Quantcast
Environmental News for a Healthier Planet and Life

Help Support EcoWatch

The Future of Nuclear Power Is ‘Challenging,’ Says WNA Report

Energy
The Future of Nuclear Power Is ‘Challenging,’ Says WNA Report

By Paul Brown

The nuclear industry is celebrating breaking records that have stood for a quarter of a century—but a new update on its successes still fails to disperse the clouds over its future.

The nuclear industry provides 10 percent of the world's electricity, but its target is to supply 25 percent by 2050—requiring a massive new build program.

Ten new nuclear reactors came on line last year worldwide and more new reactors are being built than at any time since 1990. According to the report by the World Nuclear Association (WNA), there were 66 power reactors under construction across the world last year and another 158 planned. Of those being built, 24 were in mainland China.

In what it promises will be an annual update of the industry's "progress," the WNA presents a rosy picture of the future of the industry, which it hopes will produce ever-increasing amounts of the world's power.

Currently, the industry provides 10 percent of the world's electricity, but its target is to supply 25 percent by 2050—requiring a massive new build program. The plan is to open 10 new reactors a year until 2020, another 25 a year to 2030 and more than 30 a year until 2050.

Vast Increase

The industry regards this as vital to ensure that the governments of the world keep to their plan of keeping the planet from passing the internationally-agreed limit of a 2 C rise in temperatures above pre-industrial levels. It says only a vast increase in new nuclear power, combined with renewables, can achieve this.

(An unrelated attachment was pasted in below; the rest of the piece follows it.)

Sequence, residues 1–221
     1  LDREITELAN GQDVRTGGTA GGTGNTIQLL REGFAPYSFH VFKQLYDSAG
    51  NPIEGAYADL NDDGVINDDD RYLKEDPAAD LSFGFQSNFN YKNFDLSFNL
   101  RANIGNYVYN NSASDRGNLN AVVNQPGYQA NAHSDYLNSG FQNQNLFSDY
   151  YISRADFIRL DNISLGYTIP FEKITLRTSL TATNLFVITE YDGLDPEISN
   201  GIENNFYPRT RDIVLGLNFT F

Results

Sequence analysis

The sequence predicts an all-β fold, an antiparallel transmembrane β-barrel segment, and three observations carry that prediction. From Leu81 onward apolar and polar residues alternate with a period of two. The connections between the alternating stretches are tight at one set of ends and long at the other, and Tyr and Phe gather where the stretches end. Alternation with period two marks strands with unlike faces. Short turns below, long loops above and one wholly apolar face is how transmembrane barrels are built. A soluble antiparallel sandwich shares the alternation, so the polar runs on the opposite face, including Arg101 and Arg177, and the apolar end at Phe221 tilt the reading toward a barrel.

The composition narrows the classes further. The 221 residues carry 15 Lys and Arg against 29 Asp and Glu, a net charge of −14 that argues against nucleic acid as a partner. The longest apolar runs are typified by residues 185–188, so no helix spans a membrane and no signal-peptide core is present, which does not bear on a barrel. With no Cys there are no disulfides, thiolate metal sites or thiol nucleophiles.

"The World Nuclear Association's vision for the future global electricity system consists of a diverse mix of low-carbon technologies—where renewables, nuclear and a greatly reduced level of fossil fuels (preferably with carbon capture and storage) work together in harmony to ensure a reliable, affordable and clean energy supply," the report says.

Despite its optimism, the WNA admits that the situation globally for the industry is "challenging," particularly in Europe and the U.S., where low electricity prices are making nuclear power uneconomic.

The brightest prospect is China, where nuclear power is shielded from market forces. Eight new reactors were connected to the grid in 2015, with many more scheduled for construction as part of China's bid to phase out coal and improve air quality.

The largest nuclear power exporter is Russia and President Putin is offering countries generous terms, including providing the fuel for the reactors and then taking the waste back to Russia.

This plan, which ties countries into close partnerships with Russia, could be seen to pose political dangers for the countries concerned, giving Russia direct control over their energy supplies.

Many countries have chosen to ignore this potential problem. As a result, Russia's national nuclear industry is currently committed to building new reactors in China, Hungary, India and Turkey and is engaged with potential buyers in Jordan, Kazakhstan, Nigeria, South Africa and Vietnam, among others.

South Korea and India are also quoted in the WNA report as boosting nuclear power with new commitments in 2015.

In Europe and North America, however, nuclear operators are struggling. In Europe, this is mainly because of political opposition in Germany and the fact that the French nuclear industry's flagship new design, currently under construction, is badly delayed by cost overruns and time delays.